We first drove “by the borders (mountains)” until the shoreline mountains blocked our passage along the Red Sea. At this point we found a trail “in the borders (mountains)” that caused us to turn east from our southerly direction.
After a space of 6 miles on a washboard trail though these mountains, we emerged unto a valley leading again southward.
This trail led straight to our candidate for the Valley of Lemuel and the only continuously flowing river in all of Saudi Arabia.
Along this trail we drove through a “U” shaped passage that separated two valleys (see October 2005 Photo of the Month section at www.nephiproject.com).
At the crest of the “U” shaped passage, we discovered border markers (see photograph of white quartz rocks across the trail in front of the vehicle) which the tribes use to designate their borders. In other words, to this day the tribes in Arabia use the mountains as their borders.
By using this knowledge, that borders mean mountains, anyone can find the Valley of Lemuel by following the instructions that are found in the Book of Mormon.
We have no idea who constructed this border marker or when. This leaves us another discovery to decode.
The next time you view our film, “Discovering the Valley of Lemuel” the first part in our 6-part series DVD, “Discovering Lehi’s Journey”, look for the border markers on the trail in the U shaped passage.
Use the pause button as it goes by quickly.
This photo is from our film “Discovering the Land Bountiful” where we filmed at what we consider as our candidate for Nephi’s Bountiful. It is no wonder that there are so many camels here near the shoreline at Salalah, as this area is at the end of the frankincense trail.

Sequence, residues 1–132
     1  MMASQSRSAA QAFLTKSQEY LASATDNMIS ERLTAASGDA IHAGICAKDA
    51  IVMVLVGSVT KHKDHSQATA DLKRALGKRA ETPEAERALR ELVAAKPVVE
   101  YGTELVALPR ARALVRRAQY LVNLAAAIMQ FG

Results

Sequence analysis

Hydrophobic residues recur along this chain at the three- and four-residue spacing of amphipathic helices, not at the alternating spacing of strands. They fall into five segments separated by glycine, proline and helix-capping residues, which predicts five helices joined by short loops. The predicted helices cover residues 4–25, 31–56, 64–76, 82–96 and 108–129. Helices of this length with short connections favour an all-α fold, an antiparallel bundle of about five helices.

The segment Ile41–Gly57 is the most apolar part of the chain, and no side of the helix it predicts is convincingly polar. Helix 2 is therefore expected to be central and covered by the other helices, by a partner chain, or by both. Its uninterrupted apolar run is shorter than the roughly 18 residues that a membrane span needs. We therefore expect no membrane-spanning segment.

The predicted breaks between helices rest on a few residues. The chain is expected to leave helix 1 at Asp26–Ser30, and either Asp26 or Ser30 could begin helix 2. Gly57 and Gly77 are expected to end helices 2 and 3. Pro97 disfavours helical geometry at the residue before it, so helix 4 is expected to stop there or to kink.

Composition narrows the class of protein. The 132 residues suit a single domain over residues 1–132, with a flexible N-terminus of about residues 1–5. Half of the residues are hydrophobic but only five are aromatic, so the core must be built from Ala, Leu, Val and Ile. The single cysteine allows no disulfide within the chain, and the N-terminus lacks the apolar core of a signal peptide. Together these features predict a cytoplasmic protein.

The camel, the “U-Haul” trailer of that day, the excellent choice for the shipping trade to move goods and supplies as well as the famed incense across the desert can travel at least 25 miles a day.
The incense trail was well organized for the caravans with what were termed as “haults,” locations that provided the caravaniers places to fuel their animals and themselves. A toll payment would have been made to the tribe who governed the water and in turn were provided protection during their stay.
To think that Lehi would have been avoiding others in his journey could never have happened. Lehi’s small party would have linked up with a large caravan that at times would have numbered in the hundreds of camels for personal protection on the road against the savage desert marauders that would have not thought twice to raid Lehi’s small group.
To avoid the haults, to by pass, to sneak along the trail, to not pay the tribute, would have placed the group in terrible peril as anyone traveling without the consent of those who controlled the trail, would have been put to death as they would be considered an enemy.
George and I were amazed at the large numbers of camels here along the shoreline of Oman. Even though we had seen large groups of camels around Al-Khobar where we lived in the eastern province of Arabia, they in no way could compare to the size of camel herds here.
Last month (March) I featured a photo from our film, “Discovering the Valley of Lemuel” and explained that the small stream of water that flows in our candidate for the River Laman was from the water level that remains in the underground aquifer.
It was during the filming of “Discovering the Valley of Lemuel” that we came across a local Bedouin who brought his water truck to one of the wells in the valley to refill and then take to his goatherd nearby.
Each year as we would return to the valley, we would note the lowering of the water level in the wells. Nephi wrote that his father used the continuously running river as an analogy for his son Laman. It is only a matter of time that the water level will no longer flow above ground.
These desert dwelling Bedouins with their trucks at the well are perhaps descendents of those who could have welcomed Lehi and his family to the Wadi Tayib Al-Ism (Valley of the Good Name), our candidate for the Valley of Lemuel.